A Case Management Hearing has been scheduled with Judge Green on May 20, 2021. Many issues will be decided at this hearing such as Discovery, and other motions. Please check here for updates as the Customary Use Challenge moves forward.
On June 4th and 5th (9 AM) several motions will be heard by Judge Green in the Customary Use case. Please note the hearings will not be live streamed due to technical issues. Please Check back here for updates.
On January 6, 2020, House Bill 6063 was introduced by Rep. Evan Jenne (a Broward County Democrat) in the Florida House of Representatives to repeal your rights as a beachfront owner.
In 2017, the Florida Legislature passed a law that invalidated Walton County’s Customary Use Ordinance that purported to establish Customary use on Beachfront owners’ private property. That law, now codified at section 163.035, Florida Statutes, requires a county to prove Customary Use in a court of law before a neutral judge rather than merely adopting an ordinance to declare your private property open to the public.
Walton County has initiated that process in which nearly 800 Gulf front owners have intervened to protect their property rights. If HB 6063 passes and Section 163.035 is repealed, Walton County will immediately adopt an ordinance establishing Customary Use on your private beachfront property instantly opening your property to the public. You as a beachfront owner will then have to file your own lawsuit against Walton County and you would carry the burden to prove Customary Use does not apply to your property.
This year’s Legislative Session began January 14, 2020.
Beachfront Owners must oppose HB 6063 to maintain their basic due process rights provided by section 163.035, Florida Statutes.
FlaCPR today announced more than 600 owners of beachfront parcels of the 1,194 parcels sued by the county, which includes individuals, associations and condominiums, have now challenged the Walton County customary use lawsuit. Interventions now represent over 4,500 owners in individual, associations and condos combined, representing a broad-based opposition to Walton County’s case. FlaCPR also corrected numerous inaccuracies regarding facts relevant to customary use and called for both mutual respect and accurate information in interactions. Click here to learn more.
The court instructed Walton County to effectively notice all owners. The county mailed notices on February 22, 2019. FlaCPR mailed large postcards to Walton County beachfront property owners informing them of the impact on their property rights. See why This is a Big Deal!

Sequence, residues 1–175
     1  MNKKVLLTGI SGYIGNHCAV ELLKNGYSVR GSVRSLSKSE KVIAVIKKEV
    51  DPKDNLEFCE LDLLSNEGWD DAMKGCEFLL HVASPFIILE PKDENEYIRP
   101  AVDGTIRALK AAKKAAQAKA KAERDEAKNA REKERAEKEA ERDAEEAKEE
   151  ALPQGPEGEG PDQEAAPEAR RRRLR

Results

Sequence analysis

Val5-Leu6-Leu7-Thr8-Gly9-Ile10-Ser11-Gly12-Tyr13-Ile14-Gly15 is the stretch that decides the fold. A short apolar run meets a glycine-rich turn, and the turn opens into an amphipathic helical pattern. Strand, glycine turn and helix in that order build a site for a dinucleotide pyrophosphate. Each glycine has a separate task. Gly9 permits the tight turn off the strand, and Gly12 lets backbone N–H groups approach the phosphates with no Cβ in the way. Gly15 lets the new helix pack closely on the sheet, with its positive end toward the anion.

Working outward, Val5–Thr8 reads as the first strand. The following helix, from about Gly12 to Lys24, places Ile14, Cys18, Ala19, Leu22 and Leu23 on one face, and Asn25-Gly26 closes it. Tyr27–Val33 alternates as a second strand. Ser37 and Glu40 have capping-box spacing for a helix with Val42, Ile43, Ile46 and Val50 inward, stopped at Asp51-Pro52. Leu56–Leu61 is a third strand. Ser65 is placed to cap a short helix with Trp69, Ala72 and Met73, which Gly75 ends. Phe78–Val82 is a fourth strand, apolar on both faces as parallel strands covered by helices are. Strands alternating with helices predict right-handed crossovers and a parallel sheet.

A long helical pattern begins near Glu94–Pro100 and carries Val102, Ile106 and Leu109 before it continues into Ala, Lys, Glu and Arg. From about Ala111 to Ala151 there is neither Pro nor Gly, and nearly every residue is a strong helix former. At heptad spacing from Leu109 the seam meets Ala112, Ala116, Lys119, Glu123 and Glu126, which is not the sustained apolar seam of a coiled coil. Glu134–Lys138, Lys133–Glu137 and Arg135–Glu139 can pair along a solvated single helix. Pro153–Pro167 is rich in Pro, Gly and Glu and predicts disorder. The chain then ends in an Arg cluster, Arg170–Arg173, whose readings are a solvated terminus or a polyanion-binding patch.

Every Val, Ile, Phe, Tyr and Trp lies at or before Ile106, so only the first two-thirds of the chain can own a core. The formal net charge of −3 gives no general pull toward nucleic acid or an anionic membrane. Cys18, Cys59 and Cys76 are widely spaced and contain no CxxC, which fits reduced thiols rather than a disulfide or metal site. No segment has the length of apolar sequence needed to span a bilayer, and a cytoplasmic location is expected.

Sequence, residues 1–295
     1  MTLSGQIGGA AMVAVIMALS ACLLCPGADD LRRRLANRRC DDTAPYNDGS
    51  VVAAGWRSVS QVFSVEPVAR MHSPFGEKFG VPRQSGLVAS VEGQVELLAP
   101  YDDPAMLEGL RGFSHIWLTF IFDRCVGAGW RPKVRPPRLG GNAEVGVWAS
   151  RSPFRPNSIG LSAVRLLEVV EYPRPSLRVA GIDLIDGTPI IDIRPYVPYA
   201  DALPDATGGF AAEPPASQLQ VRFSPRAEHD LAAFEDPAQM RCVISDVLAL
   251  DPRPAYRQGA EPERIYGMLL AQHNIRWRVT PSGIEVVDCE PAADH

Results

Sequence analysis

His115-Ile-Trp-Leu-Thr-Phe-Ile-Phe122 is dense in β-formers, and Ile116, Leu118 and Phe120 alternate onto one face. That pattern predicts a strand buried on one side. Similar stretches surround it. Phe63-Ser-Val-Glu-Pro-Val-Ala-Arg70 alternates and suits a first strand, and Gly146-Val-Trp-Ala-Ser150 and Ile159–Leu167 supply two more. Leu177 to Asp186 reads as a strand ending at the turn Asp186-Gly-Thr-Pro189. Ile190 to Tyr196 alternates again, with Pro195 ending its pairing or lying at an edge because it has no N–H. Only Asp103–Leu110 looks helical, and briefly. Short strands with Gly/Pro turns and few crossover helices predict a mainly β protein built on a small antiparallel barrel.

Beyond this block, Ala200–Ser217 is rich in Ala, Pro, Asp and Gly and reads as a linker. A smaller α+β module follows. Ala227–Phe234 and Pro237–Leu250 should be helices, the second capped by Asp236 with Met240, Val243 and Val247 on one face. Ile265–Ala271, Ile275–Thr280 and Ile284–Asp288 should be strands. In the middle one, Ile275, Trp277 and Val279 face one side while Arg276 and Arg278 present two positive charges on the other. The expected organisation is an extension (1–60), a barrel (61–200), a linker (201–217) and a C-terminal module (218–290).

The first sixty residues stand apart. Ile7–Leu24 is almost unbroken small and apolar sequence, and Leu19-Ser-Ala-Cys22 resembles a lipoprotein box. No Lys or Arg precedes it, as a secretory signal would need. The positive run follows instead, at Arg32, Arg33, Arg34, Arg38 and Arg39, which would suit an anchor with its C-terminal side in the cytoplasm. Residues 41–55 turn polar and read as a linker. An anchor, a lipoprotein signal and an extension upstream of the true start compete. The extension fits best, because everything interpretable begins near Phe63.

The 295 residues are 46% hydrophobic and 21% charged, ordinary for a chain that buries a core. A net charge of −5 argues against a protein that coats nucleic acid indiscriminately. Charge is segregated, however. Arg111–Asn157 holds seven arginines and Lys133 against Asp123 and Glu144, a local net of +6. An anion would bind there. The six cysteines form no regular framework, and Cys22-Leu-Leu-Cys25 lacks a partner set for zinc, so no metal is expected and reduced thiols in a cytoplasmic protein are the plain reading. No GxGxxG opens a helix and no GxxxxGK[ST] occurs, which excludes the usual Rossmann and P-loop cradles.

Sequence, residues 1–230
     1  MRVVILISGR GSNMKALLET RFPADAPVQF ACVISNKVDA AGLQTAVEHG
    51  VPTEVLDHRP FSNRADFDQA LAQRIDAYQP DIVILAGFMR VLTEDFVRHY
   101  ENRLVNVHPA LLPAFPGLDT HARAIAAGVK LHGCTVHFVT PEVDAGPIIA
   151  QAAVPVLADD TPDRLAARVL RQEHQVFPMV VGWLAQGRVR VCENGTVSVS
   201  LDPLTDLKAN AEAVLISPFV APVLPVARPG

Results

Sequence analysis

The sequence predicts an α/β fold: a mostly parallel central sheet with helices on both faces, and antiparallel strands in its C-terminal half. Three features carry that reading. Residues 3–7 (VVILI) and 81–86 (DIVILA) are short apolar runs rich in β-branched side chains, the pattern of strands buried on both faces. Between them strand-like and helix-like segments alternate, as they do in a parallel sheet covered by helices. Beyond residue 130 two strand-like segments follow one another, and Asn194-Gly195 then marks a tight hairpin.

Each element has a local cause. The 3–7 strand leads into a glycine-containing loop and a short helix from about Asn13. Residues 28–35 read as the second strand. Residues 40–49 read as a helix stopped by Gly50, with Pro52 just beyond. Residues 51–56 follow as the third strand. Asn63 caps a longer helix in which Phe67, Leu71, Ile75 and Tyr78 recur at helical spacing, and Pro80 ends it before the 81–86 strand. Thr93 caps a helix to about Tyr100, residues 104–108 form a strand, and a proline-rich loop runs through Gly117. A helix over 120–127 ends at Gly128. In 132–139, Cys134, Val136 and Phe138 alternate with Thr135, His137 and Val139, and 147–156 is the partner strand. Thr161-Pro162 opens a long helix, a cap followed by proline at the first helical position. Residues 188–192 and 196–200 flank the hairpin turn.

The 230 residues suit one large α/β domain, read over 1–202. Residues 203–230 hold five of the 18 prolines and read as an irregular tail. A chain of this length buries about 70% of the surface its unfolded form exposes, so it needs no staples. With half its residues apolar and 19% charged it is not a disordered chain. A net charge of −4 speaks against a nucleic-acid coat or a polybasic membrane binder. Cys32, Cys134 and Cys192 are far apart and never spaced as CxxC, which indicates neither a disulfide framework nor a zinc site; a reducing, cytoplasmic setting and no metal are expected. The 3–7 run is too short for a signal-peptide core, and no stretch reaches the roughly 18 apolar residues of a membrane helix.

FlaCPR today announced the owners of 570 beachfront parcels of the 1,194 parcels sued by the county, which includes individuals, associations and condominiums, have now challenged the Walton County customary use lawsuit. Interventions increased by more than 200 interventions since February 18, 2019 and these interventions represent over 3,500 owners in individual, associations and condos combined, representing a broad based opposition to Walton’s case. Moreover, more interventions is expected since the court required Walton County to provide effective notice by April 19, 2019 to any beachfront property owner that has not yet received notice or has not intervened. Click here to learn more.
According to Walton County records obtained by FlaCPR, Walton County failed to effectively notice 1,280 interested parties, including over 260 owners of parcels that Walton County claims is subject to customary use. As a result, on February 22, 2019 Walton County mailed a second set of registered notices. Walton County was instructed on February 18, 2019 to effectively notice all owners by April 19, 2019 and report to the court. Effective notice is outlined and required in Florida Statute 163.035, to ensure all property owners are aware of the lawsuit.
More than half of Walton County’s beaches are public. Unfortunately, customary use advocates have created a false narrative that the law resulting from House Bill 631 leaves no beaches for the public to enjoy in Walton County.
More than 350 interventions from individuals, associations and condominiums were filed prior to Monday when a court hearing took place in the customary use lawsuit filed by Walton County against all private beachfront property owners. During the hearing, the vast number of interveners were accepted, and associations and condominiums are now allowed to defend themselves on behalf of their owners. The court also decided to significantly extend the deadline to ensure Walton County provides notices to all owners, thereby allowing all owners the opportunity to protect their property rights. Click here to learn more.